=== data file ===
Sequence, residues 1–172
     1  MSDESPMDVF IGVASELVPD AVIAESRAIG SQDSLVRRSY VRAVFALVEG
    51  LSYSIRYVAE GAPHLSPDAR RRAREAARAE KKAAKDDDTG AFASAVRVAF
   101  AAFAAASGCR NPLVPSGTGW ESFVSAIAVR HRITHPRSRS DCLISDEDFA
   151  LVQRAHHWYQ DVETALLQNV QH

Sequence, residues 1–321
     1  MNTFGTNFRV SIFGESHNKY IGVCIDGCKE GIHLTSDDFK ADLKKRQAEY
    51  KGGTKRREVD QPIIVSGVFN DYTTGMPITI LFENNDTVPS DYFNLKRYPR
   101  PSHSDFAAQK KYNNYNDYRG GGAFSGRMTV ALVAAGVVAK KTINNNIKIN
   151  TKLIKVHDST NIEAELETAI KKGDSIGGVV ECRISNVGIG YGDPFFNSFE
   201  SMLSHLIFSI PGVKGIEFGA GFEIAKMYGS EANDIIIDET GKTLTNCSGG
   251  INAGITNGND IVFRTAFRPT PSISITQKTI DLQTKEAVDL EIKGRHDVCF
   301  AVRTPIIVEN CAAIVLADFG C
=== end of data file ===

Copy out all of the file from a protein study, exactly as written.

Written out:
Sequence, residues 1–172
     1  MSDESPMDVF IGVASELVPD AVIAESRAIG SQDSLVRRSY VRAVFALVEG
    51  LSYSIRYVAE GAPHLSPDAR RRAREAARAE KKAAKDDDTG AFASAVRVAF
   101  AAFAAASGCR NPLVPSGTGW ESFVSAIAVR HRITHPRSRS DCLISDEDFA
   151  LVQRAHHWYQ DVETALLQNV QH

Sequence, residues 1–321
     1  MNTFGTNFRV SIFGESHNKY IGVCIDGCKE GIHLTSDDFK ADLKKRQAEY
    51  KGGTKRREVD QPIIVSGVFN DYTTGMPITI LFENNDTVPS DYFNLKRYPR
   101  PSHSDFAAQK KYNNYNDYRG GGAFSGRMTV ALVAAGVVAK KTINNNIKIN
   151  TKLIKVHDST NIEAELETAI KKGDSIGGVV ECRISNVGIG YGDPFFNSFE
   201  SMLSHLIFSI PGVKGIEFGA GFEIAKMYGS EANDIIIDET GKTLTNCSGG
   251  INAGITNGND IVFRTAFRPT PSISITQKTI DLQTKEAVDL EIKGRHDVCF
   301  AVRTPIIVEN CAAIVLADFG C